As expected, Neruda’s father did not welcome the fact that his son wanted to become a poet amidst their challenging living conditions. The encouragement he failed to find in his father, Neruda found abounding with Gabriela Mistral(later to be a fellow Nobel Laureate (1945)), who introduced him to Russian classics. Neruda was undaunted, he continued to take poetry as a profession and went to a university at Santiago, Chile. While in the university he got acquainted with hunger and intermittent homelessness, his poems were all that kept him defiantly warm and firm.

Tercera Vida: A Diplomatic Affair"I learned what true loneliness was, in those days and years” (49).

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Neruda visits the USSR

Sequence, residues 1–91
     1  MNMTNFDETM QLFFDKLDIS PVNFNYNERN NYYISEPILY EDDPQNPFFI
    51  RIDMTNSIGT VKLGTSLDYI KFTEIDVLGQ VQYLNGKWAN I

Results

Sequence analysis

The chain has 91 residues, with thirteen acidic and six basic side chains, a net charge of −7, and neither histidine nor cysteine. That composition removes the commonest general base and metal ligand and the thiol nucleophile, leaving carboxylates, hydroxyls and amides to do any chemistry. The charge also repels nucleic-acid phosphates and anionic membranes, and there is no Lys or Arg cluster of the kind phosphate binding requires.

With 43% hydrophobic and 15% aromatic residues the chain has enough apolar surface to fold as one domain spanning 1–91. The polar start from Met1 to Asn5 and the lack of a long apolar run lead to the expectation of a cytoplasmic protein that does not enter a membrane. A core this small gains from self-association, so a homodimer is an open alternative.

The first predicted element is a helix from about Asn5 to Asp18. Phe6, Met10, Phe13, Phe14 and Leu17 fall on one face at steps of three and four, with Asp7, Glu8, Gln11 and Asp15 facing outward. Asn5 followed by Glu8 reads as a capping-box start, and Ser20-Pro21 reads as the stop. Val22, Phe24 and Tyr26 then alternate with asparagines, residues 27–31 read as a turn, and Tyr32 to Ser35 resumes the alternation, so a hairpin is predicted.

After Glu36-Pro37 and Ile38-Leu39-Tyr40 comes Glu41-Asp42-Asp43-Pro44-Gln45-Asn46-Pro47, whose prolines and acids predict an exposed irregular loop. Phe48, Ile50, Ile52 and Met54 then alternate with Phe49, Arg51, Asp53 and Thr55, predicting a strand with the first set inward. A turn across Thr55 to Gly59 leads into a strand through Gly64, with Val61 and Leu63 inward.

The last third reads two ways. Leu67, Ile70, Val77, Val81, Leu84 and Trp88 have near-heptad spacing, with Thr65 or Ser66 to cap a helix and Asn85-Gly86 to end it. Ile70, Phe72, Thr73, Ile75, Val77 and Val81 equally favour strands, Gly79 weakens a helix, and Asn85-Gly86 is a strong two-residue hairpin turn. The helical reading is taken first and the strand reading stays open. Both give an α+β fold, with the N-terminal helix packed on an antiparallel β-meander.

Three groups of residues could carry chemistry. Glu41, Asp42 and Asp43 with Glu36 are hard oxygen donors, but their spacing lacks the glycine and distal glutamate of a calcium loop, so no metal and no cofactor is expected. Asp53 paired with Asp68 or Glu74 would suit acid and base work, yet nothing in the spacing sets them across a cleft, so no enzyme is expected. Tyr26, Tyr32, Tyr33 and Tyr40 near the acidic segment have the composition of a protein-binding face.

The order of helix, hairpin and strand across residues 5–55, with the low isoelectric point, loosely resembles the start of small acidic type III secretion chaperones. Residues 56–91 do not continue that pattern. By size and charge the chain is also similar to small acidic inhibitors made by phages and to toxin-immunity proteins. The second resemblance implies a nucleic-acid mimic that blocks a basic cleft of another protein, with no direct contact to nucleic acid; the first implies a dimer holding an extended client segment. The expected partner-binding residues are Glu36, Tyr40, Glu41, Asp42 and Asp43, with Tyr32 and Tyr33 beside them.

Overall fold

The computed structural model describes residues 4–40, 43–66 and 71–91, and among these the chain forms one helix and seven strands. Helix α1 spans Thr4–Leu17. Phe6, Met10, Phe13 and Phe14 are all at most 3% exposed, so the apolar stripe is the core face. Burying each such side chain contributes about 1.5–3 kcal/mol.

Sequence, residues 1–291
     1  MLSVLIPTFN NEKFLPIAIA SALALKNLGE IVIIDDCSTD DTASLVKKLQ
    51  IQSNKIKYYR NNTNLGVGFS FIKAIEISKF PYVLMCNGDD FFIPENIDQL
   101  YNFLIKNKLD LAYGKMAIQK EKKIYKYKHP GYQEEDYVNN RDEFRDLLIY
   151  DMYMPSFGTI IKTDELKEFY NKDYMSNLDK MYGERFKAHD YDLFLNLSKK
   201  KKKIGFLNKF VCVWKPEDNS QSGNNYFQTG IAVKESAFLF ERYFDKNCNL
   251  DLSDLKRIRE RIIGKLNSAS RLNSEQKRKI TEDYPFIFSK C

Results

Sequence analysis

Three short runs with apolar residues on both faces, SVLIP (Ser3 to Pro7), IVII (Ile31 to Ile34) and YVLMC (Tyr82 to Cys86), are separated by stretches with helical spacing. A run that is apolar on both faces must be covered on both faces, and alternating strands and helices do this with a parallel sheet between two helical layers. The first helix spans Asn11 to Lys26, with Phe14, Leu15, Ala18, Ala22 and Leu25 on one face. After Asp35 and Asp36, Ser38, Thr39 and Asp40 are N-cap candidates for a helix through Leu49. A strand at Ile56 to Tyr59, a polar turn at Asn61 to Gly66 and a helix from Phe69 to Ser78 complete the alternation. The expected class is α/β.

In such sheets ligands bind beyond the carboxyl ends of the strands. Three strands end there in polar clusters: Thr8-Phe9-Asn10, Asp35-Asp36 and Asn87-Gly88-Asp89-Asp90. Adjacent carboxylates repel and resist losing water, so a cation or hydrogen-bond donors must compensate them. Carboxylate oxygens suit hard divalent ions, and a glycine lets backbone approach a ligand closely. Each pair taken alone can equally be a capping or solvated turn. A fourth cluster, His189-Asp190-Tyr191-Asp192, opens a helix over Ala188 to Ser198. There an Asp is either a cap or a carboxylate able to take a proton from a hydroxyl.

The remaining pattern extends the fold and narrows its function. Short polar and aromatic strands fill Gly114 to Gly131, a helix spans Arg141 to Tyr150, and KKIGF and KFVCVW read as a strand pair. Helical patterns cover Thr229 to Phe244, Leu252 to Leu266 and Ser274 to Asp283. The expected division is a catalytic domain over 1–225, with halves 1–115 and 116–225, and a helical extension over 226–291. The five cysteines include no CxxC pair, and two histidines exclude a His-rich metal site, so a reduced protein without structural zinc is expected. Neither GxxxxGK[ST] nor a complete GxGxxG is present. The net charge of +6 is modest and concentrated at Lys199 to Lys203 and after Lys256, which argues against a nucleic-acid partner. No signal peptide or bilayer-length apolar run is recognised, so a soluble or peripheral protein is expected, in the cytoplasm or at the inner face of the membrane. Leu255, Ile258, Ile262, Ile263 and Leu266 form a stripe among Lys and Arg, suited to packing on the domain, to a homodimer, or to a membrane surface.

Neruda opted to accept an appointment as a consul after leaving the university and was first assigned in Rangoon, that further lead him to Colombo, Batavia, Singapore, Paris, and Mexico to name a few, the memoirs would suggest that Neruda welcomed the appointment, but other accounts tells that it was dire financial need that compelled him to accept the said appointment.  Whichever the case was, his consulship had a very profound effect on him, meeting a vast number of notable personas, chief of this was Loneliness. Solitude, in this case, was not a formula for building up a writing mood but something as hard as a prison wall; you could smash your head against the wall and nobody came, no matter how you screamed or wept. (92)